(CNN) -- The U.S. Postal Service plans to stop delivering and collecting letters and other first-class mail on Saturdays beginning Aug. 5, although packages will continue to be delivered.
It will mark the end of an era for the agency, which started Saturday delivery in 1863.
"It's a responsible decision. It makes common sense," said Patrick Donahoe, postmaster general and CEO of the postal service.
The move will impact 22,500 jobs, Donahoe said, which he plans to achieve without resorting to layoffs. Rather, he would offer buy outs, eliminate overtime, and rely more on the part-time workforce. There will be no changes to post offices that are currently open on Saturday and mail will continue to be delivered to PO boxes.
The key culprit for the Postal Service's woes has been a 2006 congressional mandate, under which it has to pre-fund healthcare benefits for future retirees. The USPS has been borrowing billions of dollars from taxpayers to make up for the shortfalls.
At the same time, technological advances have led to a decline in first-class mail, which most consumers use to pay bills and stay in touch.
The situation turned particularly dire last year -- the agency twice defaulted on payments totaling $11 billion, and it exhausted a $15 billion line of credit from the U.S. Treasury.
In the past year, the service has cut hours at thousands of post offices -- some are open for only two hours a day. It has also merged some of its plants, which led to a 28,000 drop in its workforce through retirements and departures by employees who couldn't relocate or take up other postal jobs.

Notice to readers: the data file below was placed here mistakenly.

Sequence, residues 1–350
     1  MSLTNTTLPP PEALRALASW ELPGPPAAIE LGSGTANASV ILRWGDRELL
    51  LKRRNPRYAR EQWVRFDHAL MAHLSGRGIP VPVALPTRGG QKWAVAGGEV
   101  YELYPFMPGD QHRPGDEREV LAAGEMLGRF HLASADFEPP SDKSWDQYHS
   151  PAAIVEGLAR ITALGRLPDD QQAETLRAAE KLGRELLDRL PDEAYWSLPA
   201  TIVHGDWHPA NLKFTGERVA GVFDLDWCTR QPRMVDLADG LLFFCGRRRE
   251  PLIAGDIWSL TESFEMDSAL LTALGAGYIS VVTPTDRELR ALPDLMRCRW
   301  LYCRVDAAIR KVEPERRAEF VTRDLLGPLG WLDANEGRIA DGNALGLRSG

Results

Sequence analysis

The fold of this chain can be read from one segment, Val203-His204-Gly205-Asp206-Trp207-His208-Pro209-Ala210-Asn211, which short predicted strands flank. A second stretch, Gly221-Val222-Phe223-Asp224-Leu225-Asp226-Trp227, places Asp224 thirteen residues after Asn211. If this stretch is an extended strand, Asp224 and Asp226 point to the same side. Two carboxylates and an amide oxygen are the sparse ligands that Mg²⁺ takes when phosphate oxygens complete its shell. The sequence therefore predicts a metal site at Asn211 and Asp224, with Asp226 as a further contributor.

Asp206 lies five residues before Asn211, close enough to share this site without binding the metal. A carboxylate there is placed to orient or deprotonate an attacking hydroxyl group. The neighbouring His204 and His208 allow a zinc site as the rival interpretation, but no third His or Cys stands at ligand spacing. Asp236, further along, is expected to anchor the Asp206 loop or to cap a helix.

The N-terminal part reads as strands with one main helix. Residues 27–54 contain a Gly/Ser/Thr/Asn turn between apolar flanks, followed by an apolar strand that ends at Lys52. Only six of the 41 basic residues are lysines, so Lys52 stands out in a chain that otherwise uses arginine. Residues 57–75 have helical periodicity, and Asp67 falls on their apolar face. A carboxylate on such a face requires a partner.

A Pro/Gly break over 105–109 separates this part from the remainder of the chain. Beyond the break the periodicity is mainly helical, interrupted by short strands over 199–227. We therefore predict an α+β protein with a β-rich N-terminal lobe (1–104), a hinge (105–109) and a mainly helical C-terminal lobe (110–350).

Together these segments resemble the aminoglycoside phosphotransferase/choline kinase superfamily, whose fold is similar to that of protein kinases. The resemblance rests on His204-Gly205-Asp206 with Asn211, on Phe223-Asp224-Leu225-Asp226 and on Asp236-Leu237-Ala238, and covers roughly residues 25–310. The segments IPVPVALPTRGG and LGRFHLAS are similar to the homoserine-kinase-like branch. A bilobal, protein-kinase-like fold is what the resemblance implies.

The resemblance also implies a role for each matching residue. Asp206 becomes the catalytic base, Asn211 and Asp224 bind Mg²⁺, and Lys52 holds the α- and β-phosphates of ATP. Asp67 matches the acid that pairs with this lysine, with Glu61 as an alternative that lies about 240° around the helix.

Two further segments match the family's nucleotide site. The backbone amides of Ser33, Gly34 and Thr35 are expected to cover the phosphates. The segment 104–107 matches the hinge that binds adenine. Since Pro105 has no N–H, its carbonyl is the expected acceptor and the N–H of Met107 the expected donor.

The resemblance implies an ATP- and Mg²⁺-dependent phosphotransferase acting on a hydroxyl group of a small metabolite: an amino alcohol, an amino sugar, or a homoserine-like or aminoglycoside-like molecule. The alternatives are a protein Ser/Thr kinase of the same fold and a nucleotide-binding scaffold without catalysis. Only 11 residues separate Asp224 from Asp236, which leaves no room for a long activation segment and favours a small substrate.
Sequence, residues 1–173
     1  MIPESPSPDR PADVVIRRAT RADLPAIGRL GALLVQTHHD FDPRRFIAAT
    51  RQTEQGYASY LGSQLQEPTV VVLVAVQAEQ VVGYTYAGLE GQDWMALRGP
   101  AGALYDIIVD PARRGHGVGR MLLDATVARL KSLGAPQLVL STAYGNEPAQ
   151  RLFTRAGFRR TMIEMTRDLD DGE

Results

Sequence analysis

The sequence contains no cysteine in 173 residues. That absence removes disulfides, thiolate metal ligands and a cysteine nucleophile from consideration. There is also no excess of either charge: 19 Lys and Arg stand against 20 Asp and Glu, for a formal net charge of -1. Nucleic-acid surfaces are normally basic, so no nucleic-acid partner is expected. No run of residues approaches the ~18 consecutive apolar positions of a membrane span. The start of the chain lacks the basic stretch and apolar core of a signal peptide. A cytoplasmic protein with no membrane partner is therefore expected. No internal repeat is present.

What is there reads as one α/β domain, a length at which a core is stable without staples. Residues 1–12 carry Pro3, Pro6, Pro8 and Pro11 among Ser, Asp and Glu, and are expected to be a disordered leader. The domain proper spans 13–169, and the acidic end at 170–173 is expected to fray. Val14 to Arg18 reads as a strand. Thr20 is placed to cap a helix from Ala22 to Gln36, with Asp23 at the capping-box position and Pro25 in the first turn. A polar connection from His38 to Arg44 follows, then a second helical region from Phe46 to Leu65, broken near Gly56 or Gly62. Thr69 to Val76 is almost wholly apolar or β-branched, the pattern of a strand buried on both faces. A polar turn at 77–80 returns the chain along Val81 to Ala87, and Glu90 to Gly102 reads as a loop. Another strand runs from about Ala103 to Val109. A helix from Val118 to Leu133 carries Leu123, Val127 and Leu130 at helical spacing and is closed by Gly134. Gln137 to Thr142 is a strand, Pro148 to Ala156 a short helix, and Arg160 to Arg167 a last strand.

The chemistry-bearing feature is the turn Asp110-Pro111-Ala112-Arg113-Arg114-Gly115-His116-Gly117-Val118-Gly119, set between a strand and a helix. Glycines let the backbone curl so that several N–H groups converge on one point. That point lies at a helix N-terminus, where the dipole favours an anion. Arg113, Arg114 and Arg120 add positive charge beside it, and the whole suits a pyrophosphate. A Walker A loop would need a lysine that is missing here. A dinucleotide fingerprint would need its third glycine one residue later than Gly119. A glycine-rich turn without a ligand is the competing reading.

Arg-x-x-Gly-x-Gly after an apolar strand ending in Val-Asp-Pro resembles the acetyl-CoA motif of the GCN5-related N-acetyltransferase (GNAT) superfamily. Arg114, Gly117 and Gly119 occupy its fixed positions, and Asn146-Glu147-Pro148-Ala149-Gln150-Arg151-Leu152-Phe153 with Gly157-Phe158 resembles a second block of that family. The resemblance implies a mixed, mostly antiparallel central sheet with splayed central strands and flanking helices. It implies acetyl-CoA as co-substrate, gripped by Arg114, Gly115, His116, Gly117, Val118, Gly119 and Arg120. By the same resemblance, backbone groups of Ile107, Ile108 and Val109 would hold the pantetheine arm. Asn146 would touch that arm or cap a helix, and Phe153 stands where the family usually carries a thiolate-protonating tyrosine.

Some 80% of the expected savings will come from eliminating overtime, Donahoe said. The rest of the savings will come from cutting part-time hours and retirements.
There are questions over whether the Postal Service has the authority to quit delivering letters on Saturdays. Previously, the agency had said it needs Congress to change current law to do so.
On Wednesday, however, Donahoe said he believes the U.S. Postal Service has the authority to cut Saturday service. "We think we're on good footing with this," he said.
Saturday mail deliveries have been cut before. They were temporarily stopped in some cities in 1947, and again nationwide in 1957, both times because of a budget issues. Public protests prompted President Dwight D. Eisenhower in 1957 to sign a bill fully funding the Post Office department within three days leading to a resumption of Saturday services.
Postal officials have been calling on Congress to pass legislation to ease their fiscal pain.
The U.S. Postal Service is, by law, an "independent establishment" of the executive branch. The agency doesn't normally use tax dollars for operations, except for its $15 billion loan from Treasury. In 2005, the Postal Service had no debt, officials said.
If Congress doesn't act soon, the Postal Service could come dangerously close to running out of cash next month. A report last year projected that by mid-March, the agency would have about $1 billion in cash -- barely enough to keep the agency running for four days.
That prompted Donahoe to announce he was going to accelerate cost-cutting measures.
In the meantime, Rep. Darrell Issa, a California Republican, and Sen. Tom Carper, a Delaware Democrat, have been assuring the agency that they are working together to come up with a resolution. But neither have shared specific details of when, or how, they plan to achieve that goal. Congressional aides say they're hopeful it'll get passed soon.
The unions strongly oppose the postal service's decision and have been fighting such a move for years. The American Postal Service Workers Union said the decision only deepens the financial crisis.
"USPS executives cannot save the Postal Service by tearing it apart," the union said in a statement. "The USPS has already begun slashing mail service by closing 13,000 post offices or drastically reducing hours of operation, shutting hundreds of mail processing facilities, and downgrading standards for mail delivery to America's homes and businesses. The effects are being felt in cities and towns across the country."